Members of Parliament have been urged to always ensure that the bills and motions they consider pass the human rights compliance test.
A new tool the Check List for Human Rights, a brain child of the Parliament Committee on Human Rights was launched September 10 in Kampala, by the Speaker of Parliament Rt.Hon. Rebecca Kadaga.
Addressing legislators, human rights activists and several participants Speaker Kadaga said the new tool provides a mechanism that would alert MPs to cross check whether the bills they consider comply with human rights.
“It is noteworthy that, whereas the Constitution is emphatic on protecting and guaranteeing human rights and freedoms, there is no guidance from the Constitution to alert Members of Parliament to the inconsistencies that are embedded within the Bills, policy statements, budgets or other business handled by Parliament. It is this that has resulted in some of our enactments being struck down for failure to comply with the human rights contained in our cherished Constitution,” she said.
The Speaker reminded legislators that litigation in the court cases by Ssemwogerere, Andrew Mwenda and Muwanga Kivumbi points to the failure to reconcile the universal demands to promote and protect individual rights and the duties of a free and democratic society.
Rt.Hon.Kadaga noted that although states are the primary duty bearers for the protection and fulfilment of individual rights, the rights are not only endangered by states but also the actions of some individuals.
“The people of Uganda will not find comfort until the rights of all are observed. Although the Constitution provides a whole chapter on human rights, it requires a human rights bill to help in the implementation of its provisions. The absence of the human rights Act will be addressed by the checklist,” she said.
The Speaker decried the use of bucket toilets in the Police cells in Uganda and labelled the practise one of the most dehumanising things that can happen to human being.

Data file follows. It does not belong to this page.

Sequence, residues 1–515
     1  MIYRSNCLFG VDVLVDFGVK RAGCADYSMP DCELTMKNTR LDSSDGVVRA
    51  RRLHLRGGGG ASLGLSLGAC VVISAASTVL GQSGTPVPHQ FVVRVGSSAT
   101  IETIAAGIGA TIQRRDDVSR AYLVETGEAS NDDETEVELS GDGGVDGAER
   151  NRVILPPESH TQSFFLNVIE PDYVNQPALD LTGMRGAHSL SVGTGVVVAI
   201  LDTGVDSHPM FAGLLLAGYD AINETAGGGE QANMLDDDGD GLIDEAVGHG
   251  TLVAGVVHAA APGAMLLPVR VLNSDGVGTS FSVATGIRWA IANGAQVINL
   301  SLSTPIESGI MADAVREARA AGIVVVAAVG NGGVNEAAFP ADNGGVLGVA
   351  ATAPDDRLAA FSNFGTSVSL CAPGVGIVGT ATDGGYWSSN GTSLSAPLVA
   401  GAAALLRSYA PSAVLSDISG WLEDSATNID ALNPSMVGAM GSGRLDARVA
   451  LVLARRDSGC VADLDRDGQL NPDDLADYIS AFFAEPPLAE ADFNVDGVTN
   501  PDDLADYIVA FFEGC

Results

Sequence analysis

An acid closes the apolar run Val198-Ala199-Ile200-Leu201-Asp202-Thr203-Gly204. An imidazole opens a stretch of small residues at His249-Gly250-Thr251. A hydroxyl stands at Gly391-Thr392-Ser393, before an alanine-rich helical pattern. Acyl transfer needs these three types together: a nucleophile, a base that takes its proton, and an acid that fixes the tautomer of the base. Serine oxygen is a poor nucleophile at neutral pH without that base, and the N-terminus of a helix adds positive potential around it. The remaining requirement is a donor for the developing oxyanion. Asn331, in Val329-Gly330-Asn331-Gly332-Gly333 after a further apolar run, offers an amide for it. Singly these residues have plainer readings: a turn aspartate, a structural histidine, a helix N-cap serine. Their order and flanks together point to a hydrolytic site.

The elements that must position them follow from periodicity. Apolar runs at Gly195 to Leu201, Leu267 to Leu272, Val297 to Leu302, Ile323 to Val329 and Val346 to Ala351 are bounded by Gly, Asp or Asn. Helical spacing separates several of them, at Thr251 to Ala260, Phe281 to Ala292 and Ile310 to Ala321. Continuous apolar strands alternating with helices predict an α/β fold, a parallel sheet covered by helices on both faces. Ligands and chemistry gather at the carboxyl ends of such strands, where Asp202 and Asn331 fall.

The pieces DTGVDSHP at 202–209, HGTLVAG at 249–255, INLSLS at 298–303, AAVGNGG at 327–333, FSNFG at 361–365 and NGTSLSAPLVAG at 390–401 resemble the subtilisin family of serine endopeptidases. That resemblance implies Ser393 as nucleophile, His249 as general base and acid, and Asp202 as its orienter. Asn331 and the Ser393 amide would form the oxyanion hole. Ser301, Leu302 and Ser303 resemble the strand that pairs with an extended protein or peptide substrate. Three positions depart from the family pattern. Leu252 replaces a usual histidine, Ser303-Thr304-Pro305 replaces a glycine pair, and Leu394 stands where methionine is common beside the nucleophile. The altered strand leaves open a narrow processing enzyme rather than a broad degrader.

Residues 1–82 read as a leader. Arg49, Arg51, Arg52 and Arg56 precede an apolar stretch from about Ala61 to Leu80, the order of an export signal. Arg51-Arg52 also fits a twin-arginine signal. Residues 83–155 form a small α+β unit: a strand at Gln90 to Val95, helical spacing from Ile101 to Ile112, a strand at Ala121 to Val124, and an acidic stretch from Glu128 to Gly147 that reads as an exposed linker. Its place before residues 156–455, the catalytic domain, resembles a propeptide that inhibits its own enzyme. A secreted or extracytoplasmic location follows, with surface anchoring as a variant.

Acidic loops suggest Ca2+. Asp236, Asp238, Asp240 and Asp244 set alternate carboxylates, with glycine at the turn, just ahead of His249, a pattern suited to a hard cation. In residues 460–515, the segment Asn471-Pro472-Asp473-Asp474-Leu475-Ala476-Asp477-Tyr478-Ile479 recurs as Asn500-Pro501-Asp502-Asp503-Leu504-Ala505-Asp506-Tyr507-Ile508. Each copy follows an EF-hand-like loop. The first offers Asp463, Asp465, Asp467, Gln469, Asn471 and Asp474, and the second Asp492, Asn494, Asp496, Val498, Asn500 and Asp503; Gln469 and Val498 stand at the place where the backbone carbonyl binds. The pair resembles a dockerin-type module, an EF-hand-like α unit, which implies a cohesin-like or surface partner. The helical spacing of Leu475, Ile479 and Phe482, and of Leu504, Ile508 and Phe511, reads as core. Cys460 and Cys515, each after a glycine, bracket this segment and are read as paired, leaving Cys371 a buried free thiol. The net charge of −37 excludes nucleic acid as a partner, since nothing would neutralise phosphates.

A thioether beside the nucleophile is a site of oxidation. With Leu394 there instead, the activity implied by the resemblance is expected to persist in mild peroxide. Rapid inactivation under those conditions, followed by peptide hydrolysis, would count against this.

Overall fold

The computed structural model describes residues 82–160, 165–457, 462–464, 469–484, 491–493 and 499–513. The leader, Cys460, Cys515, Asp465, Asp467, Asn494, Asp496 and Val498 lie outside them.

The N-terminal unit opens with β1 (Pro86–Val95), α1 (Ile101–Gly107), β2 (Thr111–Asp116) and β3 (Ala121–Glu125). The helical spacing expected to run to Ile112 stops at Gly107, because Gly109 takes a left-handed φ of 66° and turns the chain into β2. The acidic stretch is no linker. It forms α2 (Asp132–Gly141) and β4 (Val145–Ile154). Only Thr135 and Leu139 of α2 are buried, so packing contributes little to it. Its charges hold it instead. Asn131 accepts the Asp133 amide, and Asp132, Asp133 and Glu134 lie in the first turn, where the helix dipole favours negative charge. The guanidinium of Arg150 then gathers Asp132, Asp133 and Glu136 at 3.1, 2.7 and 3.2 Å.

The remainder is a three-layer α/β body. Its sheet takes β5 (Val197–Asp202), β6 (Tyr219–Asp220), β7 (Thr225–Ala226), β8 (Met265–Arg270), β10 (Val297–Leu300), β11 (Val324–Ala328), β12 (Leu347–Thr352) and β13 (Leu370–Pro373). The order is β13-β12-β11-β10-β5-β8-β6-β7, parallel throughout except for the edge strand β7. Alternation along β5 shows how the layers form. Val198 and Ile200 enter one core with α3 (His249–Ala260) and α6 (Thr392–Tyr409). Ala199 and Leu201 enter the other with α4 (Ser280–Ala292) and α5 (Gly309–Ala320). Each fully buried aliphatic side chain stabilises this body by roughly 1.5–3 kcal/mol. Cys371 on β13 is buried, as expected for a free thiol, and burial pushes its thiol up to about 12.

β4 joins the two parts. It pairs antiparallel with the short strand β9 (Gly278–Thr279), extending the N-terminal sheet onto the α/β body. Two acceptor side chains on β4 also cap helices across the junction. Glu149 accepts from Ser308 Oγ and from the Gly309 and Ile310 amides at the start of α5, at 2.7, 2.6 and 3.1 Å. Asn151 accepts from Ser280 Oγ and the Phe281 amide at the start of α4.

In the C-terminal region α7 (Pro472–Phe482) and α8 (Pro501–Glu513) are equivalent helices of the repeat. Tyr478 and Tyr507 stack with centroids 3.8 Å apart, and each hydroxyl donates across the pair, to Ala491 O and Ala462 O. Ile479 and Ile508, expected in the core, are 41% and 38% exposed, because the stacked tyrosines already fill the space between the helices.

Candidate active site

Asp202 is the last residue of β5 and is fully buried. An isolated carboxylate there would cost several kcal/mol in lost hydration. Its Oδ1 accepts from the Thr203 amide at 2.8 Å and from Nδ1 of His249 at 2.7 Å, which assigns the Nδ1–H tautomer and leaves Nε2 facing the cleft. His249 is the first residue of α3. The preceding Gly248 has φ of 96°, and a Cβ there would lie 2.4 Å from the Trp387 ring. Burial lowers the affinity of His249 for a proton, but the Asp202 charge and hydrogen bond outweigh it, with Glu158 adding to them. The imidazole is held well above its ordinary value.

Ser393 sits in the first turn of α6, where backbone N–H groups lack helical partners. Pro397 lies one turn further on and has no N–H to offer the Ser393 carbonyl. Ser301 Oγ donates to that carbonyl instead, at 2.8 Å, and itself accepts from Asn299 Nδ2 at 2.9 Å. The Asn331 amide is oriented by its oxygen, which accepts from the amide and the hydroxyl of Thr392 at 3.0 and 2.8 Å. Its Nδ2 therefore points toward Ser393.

H.E Alison Blackburne the British High Commissioners to Uganda reminded legislators of the cardinal role Parliament plays in protecting and promoting human rights as set out in Uganda’s Constitution. She noted that human rights observance was critical if nations are to attain prosperity.
“Human Rights and Good governance are essential for the prosperity and security. Democratic governance and sustainable development cannot take place when people are not able to enjoy their human rights,” she emphasized.
The High Commissioner reaffirmed that all legislators, human rights organisations and other relevant stakeholders need to promote the use of the checklist within and outside Parliament.
This she said will promote accountability to the general public and work towards creating an atmosphere that is free of human rights abuses in Uganda.
MP Jovah Kamateeka the Chairperson of the Human Rights Committee of Parliament appealed to government to review the shoot to kill policy for robbers recently announced by the Uganda Police Force.
She said the policy itself is unconstitutional and may lead to the loss of innocent lives.
Hon. Kamateeka applauded government for creating the Uganda Human Rights Commission, but appealed for the rolling out of human rights desks in all institutions and the security forces.